As for the 3D experience, I was quite surprised. Still am actually. Depth and dimensionality are more convincing than I expected, and very rarely does the film resemble a pop-up storybook. Great care has been invested in making the actors and the world they inhabit look wondrous in 3D, and the film's elaborate sets, already a hallmark of color, vibrancy, and cinematic craft, are more immersive than ever before; almost to the point of inviting the viewer to step into the screen and tour the MGM lot, or as if the production were shot in 3D all those years ago. No small feat considering the challenges the restoration and conversion teams faced. Even the audio is bumped up with a whole new mix. All dialogue is in the center audio channel, while the music has been remixed for surround sound home theater systems.

Now, the really big question is Should I fall for the marketing ballyhoo and buy the Blu-ray 75th Anniversary edition DVD in 3D, or should I just wait for the 80th Anniversary Edition that's bound to come out in LBH (Living Breathing Holograms) or whatever new technology the electronic industry is sure to shove down our throats about the time I'm forced by law to disburse some funds from my 401K account? I can already guess that the upgrade will cost an amount equal to that, right? Oh, bring on the Superman crystals already so we'll never have to upgrade our stuff again, nor will we have to buy The Beatles' White Album for the twelfth time.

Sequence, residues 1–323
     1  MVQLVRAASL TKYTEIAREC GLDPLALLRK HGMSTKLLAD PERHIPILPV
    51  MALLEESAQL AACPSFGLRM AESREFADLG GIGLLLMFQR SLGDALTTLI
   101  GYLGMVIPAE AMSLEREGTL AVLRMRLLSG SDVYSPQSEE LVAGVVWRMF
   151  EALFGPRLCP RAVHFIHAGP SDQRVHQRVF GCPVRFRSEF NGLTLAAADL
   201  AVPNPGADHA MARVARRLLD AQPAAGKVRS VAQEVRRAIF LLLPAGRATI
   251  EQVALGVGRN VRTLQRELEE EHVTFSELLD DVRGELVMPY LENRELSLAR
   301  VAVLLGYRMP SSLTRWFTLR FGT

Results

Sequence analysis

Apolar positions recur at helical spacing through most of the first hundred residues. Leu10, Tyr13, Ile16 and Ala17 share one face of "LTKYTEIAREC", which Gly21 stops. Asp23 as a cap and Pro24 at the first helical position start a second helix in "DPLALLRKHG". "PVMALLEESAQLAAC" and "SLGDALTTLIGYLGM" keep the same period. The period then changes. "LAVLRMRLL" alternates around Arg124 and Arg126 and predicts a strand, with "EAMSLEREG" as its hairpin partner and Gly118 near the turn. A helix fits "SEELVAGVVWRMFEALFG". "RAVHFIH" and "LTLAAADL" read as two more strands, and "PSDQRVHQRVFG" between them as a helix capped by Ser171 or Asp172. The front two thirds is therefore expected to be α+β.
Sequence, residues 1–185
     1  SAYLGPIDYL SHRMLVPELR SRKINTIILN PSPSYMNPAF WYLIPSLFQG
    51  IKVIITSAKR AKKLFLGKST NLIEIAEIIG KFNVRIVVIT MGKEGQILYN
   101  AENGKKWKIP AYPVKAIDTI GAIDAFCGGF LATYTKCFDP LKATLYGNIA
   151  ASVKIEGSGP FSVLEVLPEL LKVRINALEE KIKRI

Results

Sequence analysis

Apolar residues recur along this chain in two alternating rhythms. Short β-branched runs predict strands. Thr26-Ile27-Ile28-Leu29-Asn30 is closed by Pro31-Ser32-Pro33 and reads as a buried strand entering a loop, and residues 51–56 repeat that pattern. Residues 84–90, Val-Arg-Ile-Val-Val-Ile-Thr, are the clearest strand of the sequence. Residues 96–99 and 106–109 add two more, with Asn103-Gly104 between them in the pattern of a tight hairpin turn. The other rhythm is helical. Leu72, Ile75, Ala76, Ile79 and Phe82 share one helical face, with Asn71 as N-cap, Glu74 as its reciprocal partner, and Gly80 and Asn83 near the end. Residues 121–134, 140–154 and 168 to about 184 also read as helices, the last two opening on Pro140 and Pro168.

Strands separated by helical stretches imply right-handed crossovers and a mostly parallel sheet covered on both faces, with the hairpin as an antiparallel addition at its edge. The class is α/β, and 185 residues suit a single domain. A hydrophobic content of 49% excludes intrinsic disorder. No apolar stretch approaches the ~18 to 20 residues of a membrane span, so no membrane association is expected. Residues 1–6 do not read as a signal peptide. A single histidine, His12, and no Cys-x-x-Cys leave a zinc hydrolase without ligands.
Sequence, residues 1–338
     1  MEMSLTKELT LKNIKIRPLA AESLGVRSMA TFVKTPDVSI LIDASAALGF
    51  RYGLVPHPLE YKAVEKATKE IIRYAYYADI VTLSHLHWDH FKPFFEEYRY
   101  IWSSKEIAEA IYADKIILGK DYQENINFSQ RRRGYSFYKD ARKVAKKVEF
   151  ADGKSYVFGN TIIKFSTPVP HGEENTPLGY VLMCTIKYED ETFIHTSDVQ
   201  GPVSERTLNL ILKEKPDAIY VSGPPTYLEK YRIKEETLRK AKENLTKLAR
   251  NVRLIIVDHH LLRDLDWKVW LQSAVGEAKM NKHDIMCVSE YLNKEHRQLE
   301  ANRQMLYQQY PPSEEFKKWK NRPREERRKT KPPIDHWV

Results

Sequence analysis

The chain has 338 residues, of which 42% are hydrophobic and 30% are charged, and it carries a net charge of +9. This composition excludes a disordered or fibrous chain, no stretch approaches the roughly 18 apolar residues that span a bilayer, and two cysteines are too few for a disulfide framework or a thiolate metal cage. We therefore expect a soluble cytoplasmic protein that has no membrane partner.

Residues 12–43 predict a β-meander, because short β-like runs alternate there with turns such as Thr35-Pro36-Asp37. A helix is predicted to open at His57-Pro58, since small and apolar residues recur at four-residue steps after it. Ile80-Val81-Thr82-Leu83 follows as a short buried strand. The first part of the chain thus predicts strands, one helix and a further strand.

A BEARMANOR MEDIA CLASSIC EDITION
I, Red Skelton, or A Man, His Movies, and Sometimes His Monkeys!
by Wes D. Gehring

Thank God this story is in flat 2D. Looking at that 3D picture above without red/blue glasses is giving me a headache. It's like watching Cozy TV and those low-res 1970s TV episodes that are interspersed with senior citizen commercials they run in endless loops. (I've seen that Lifestyle Lift commercial 1,297 times, and I should buy one, but I'm afraid they'd have to stretch my face back so far I'd look like Richard Barthelmess in Broken Blossoms and have to change my name to Wong Li. Some people might enjoy the humor in that, though.)